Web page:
Different viral aetiology of hepatocellular carcinoma between two hepatitis B and C endemic townships in Taiwan


Dr. Sheng-Nan Lu, Hepatobiliary Division, Department of Internal Medicine, God's Help Hospital, 66, Lane 601, Peikang Road Sec 2, Taibao, Chiayi 612, Taiwan.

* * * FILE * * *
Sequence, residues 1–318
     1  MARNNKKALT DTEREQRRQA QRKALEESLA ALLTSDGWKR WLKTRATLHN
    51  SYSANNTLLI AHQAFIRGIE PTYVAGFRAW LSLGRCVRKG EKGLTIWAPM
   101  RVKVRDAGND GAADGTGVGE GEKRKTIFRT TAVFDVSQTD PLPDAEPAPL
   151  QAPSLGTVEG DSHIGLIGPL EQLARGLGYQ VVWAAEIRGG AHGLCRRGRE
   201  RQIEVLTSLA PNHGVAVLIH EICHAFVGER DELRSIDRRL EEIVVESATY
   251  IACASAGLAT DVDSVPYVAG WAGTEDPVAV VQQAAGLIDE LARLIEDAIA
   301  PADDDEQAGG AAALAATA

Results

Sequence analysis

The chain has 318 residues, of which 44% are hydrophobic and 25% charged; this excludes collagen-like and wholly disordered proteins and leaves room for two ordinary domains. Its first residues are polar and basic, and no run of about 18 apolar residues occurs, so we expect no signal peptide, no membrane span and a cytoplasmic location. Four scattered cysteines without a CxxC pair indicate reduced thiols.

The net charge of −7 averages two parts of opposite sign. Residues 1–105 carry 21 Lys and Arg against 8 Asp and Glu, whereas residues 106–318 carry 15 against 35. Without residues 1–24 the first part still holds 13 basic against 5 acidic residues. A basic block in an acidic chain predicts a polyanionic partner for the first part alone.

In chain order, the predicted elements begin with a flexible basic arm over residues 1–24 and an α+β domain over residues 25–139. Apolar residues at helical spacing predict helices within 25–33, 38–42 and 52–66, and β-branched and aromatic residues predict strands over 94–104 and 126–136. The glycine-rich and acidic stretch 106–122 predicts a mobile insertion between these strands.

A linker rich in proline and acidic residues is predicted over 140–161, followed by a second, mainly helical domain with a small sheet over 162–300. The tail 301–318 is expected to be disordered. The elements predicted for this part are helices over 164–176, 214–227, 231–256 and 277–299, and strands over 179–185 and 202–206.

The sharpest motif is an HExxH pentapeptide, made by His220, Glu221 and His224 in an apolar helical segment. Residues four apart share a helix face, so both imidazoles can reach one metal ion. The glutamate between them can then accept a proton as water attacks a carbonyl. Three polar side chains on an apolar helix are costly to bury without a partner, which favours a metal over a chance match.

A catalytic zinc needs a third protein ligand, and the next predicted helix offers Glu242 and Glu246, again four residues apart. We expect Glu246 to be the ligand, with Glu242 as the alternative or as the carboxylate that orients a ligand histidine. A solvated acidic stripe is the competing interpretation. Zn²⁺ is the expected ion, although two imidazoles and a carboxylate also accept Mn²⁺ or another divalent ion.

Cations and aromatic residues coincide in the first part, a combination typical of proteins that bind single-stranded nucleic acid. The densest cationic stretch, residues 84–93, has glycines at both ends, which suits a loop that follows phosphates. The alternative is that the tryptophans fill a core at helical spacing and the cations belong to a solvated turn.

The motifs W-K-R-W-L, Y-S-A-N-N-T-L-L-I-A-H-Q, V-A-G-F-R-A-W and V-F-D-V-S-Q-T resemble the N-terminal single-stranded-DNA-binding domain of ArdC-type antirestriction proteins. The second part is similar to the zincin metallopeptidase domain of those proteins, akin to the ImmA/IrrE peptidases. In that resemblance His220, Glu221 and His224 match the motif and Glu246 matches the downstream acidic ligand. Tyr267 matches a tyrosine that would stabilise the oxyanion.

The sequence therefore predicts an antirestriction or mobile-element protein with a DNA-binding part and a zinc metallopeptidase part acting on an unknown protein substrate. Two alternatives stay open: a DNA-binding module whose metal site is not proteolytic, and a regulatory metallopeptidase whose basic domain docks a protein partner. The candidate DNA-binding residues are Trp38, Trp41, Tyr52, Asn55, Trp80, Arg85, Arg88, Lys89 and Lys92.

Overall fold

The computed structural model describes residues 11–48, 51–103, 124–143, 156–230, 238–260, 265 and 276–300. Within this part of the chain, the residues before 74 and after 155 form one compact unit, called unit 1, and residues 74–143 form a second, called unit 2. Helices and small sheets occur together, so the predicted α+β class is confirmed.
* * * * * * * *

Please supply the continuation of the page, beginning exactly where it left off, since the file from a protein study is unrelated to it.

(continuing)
In Taiwan, we found two hepatitis B virus (HBV)- and hepatitis C virus (HCV)-endemic townships, Paisha and Tzukuan, with an anti-HCV prevalence of 19 and 37% in men, and 26 and 38% in women, respectively. The hepatitis B surface antigen (HBsAg)-positive rates were 25 and 18%, for men and women in Paisha, and 25 and 22% in Tzukuan, respectively. According to the national death certification database (1982 to 1991), the annual age-adjusted mortality rates per 100 000 population for liver cancer among men and women were 83.0 and 13.8, respectively, in Paisha, and 55.9 and 17.0 in Tzukuan compared with 30.9 and 9.1 in Taiwan as a whole. The male-to-female ratios were 6.0 in Paisha and 3.3 in Tzukuan. Aetiology of 11 cases of hepatocellular carcinoma (HCC) from Paisha and 14 cases from Tzukuan were analysed. All HCC cases from Paisha were HBsAg positive, while 13/14 HCC cases from Tzukuan were anti-HCV positive. The endemic duration of HCV in Tzukuan seemed long enough to induce HCC, but the HCV appeared to be a newly introduced infection in Paisha.